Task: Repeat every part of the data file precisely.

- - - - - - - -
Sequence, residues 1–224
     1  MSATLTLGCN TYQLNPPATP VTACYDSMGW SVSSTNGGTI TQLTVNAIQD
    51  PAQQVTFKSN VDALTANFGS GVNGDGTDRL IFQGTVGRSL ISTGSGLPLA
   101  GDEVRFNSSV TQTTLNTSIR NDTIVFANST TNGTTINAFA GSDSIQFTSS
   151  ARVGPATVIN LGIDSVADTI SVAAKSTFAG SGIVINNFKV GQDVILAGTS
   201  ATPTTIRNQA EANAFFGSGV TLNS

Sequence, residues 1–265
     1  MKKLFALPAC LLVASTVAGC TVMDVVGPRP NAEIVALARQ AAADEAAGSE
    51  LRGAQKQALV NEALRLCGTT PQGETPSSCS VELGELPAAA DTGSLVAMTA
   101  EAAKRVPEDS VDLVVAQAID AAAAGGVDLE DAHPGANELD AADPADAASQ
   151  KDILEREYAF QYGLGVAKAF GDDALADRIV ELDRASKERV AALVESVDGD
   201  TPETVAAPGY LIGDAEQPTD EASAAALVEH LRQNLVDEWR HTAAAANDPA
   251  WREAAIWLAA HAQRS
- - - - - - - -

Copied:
Sequence, residues 1–224
     1  MSATLTLGCN TYQLNPPATP VTACYDSMGW SVSSTNGGTI TQLTVNAIQD
    51  PAQQVTFKSN VDALTANFGS GVNGDGTDRL IFQGTVGRSL ISTGSGLPLA
   101  GDEVRFNSSV TQTTLNTSIR NDTIVFANST TNGTTINAFA GSDSIQFTSS
   151  ARVGPATVIN LGIDSVADTI SVAAKSTFAG SGIVINNFKV GQDVILAGTS
   201  ATPTTIRNQA EANAFFGSGV TLNS

Sequence, residues 1–265
     1  MKKLFALPAC LLVASTVAGC TVMDVVGPRP NAEIVALARQ AAADEAAGSE
    51  LRGAQKQALV NEALRLCGTT PQGETPSSCS VELGELPAAA DTGSLVAMTA
   101  EAAKRVPEDS VDLVVAQAID AAAAGGVDLE DAHPGANELD AADPADAASQ
   151  KDILEREYAF QYGLGVAKAF GDDALADRIV ELDRASKERV AALVESVDGD
   201  TPETVAAPGY LIGDAEQPTD EASAAALVEH LRQNLVDEWR HTAAAANDPA
   251  WREAAIWLAA HAQRS